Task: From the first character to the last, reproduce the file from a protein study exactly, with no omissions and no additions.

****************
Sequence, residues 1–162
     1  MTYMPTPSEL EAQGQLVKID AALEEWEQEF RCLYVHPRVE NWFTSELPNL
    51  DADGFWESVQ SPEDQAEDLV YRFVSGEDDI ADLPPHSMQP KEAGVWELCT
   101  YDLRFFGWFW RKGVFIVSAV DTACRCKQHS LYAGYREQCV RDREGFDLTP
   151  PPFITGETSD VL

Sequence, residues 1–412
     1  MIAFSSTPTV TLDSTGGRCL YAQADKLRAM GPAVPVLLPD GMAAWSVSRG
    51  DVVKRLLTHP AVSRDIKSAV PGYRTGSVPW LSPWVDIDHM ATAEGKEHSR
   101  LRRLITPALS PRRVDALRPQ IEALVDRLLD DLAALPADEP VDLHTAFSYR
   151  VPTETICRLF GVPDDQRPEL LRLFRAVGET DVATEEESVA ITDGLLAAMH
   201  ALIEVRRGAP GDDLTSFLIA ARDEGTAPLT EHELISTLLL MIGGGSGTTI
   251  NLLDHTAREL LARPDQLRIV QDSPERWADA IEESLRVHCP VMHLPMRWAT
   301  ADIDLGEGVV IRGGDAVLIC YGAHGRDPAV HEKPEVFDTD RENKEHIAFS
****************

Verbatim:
Sequence, residues 1–162
     1  MTYMPTPSEL EAQGQLVKID AALEEWEQEF RCLYVHPRVE NWFTSELPNL
    51  DADGFWESVQ SPEDQAEDLV YRFVSGEDDI ADLPPHSMQP KEAGVWELCT
   101  YDLRFFGWFW RKGVFIVSAV DTACRCKQHS LYAGYREQCV RDREGFDLTP
   151  PPFITGETSD VL

Sequence, residues 1–412
     1  MIAFSSTPTV TLDSTGGRCL YAQADKLRAM GPAVPVLLPD GMAAWSVSRG
    51  DVVKRLLTHP AVSRDIKSAV PGYRTGSVPW LSPWVDIDHM ATAEGKEHSR
   101  LRRLITPALS PRRVDALRPQ IEALVDRLLD DLAALPADEP VDLHTAFSYR
   151  VPTETICRLF GVPDDQRPEL LRLFRAVGET DVATEEESVA ITDGLLAAMH
   201  ALIEVRRGAP GDDLTSFLIA ARDEGTAPLT EHELISTLLL MIGGGSGTTI
   251  NLLDHTAREL LARPDQLRIV QDSPERWADA IEESLRVHCP VMHLPMRWAT
   301  ADIDLGEGVV IRGGDAVLIC YGAHGRDPAV HEKPEVFDTD RENKEHIAFS